Jeff was followed by a keynote from Catherine Cronin (National University of Ireland). Her presentation covered the importance of values in open practice,  how her values have been shaped by experience, the importance of voting and a very clear representation for women in this workplace/space.  Her presentation was clearly inspirational for many, as reflected in the tweets from audience members and the high turn out at the Open Education SIG a couple of hours later. She signalled that education is a political space and that openness must be informed by what we know about gender, race and class.

Audrey Watters’ ( no institution) keynote also drew upon history and literature. I begin to suspect that a good grounding in the liberal arts is a useful background for educational technologists. She talked about man-made monsters and drew inspiration from previous writers and actors (including the luddites)*.

I spoke with Catherine about Mary Somerville and Audrey namechecked Ada Lovelace.

As I listened to the presentations and audience questions there was much to reflect upon, a couple things are high in my mind though. I have been thinking about the  politics of code, the values upon which it is based and in-built assumptions it can embody. I mentioned Bodington in a previous post. That was a VLE designed on the assumption that all the same tools which were available to teachers would also be available to students. It was in there in the architecture, it did not privilege the teacher’s voice, it was a tool to democratise the classroom.  I like technology which is based on those kind of values.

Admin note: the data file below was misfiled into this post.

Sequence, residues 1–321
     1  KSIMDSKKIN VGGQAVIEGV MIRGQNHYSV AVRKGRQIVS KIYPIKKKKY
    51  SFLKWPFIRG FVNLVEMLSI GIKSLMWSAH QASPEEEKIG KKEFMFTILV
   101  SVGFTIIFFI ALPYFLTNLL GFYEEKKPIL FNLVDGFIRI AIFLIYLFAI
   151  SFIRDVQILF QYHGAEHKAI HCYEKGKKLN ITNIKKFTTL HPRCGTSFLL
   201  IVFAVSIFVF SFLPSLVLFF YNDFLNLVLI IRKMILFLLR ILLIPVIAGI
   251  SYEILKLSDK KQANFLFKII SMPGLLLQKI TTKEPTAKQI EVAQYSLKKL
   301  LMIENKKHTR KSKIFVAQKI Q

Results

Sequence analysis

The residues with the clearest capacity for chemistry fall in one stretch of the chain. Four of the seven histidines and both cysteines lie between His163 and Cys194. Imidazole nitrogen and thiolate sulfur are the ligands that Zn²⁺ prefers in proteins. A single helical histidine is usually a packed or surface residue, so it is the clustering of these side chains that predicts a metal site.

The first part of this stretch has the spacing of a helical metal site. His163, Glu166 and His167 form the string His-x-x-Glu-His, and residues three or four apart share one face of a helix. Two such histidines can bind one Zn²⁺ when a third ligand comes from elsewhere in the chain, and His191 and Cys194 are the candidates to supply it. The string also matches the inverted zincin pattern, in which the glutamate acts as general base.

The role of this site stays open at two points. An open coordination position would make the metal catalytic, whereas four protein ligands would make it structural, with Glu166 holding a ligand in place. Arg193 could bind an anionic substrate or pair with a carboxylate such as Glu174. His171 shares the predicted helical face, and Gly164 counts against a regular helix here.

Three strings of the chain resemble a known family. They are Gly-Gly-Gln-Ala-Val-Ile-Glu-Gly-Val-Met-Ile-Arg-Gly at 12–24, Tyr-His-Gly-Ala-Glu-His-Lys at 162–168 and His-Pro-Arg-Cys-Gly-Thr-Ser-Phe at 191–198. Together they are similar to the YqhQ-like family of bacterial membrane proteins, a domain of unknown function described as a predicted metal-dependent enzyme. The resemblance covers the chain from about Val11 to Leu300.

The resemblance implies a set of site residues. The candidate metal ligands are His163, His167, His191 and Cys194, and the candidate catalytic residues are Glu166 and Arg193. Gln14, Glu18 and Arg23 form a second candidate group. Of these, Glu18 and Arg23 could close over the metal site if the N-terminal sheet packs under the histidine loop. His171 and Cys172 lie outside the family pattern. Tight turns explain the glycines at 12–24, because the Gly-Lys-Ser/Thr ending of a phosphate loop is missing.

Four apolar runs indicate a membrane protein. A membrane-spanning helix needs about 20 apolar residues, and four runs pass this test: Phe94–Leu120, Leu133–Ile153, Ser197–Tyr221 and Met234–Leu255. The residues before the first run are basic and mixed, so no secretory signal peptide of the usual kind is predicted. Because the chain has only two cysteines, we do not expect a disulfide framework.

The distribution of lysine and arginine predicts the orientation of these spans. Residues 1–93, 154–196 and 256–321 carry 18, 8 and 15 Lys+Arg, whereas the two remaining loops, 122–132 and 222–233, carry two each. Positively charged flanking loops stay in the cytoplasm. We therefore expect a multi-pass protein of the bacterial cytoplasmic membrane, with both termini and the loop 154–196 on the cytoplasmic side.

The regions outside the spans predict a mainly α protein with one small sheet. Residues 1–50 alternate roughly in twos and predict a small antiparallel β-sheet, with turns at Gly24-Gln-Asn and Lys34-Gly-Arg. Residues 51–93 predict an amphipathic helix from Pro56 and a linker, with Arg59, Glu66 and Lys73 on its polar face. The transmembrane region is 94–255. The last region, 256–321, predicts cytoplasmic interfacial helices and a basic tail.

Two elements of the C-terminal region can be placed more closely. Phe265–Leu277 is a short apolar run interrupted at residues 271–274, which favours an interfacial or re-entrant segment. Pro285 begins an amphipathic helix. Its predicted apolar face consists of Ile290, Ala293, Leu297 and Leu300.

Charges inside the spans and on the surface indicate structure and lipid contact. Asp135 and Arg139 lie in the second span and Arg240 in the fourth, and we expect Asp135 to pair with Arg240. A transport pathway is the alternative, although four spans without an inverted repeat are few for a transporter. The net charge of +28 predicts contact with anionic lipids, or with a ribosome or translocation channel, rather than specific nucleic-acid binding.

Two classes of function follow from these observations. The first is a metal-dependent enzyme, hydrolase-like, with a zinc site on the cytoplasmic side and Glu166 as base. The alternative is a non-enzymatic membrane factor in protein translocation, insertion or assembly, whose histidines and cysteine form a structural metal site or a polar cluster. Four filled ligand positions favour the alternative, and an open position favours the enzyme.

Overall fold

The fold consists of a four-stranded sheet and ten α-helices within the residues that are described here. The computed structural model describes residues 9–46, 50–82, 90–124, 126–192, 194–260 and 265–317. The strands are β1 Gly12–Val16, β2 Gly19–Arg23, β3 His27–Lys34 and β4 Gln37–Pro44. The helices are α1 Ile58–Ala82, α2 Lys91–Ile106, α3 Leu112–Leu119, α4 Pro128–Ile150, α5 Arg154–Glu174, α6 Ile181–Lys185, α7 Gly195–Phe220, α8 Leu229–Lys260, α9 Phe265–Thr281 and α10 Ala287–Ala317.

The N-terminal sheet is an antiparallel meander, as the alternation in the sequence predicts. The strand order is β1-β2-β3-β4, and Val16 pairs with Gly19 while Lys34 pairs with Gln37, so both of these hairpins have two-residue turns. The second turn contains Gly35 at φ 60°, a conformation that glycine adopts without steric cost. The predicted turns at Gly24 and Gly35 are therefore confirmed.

I was surprised at the conference to hear several people refer to Facebook as ‘open’ and as a space where great things can be done, a place that students have as a ‘good place’ and that educators should use. While I use facebook personally as much as the next woman, I have no illusions as to its origins and the values of its creators. Facebook was born out of misogyny  in elite univerisities and continues to be a place where peer pressure and shaming are rife. I like those values less.

I agree with Jeff, Catherine and Audrey: it is important that we understand our history and learn from our experiences.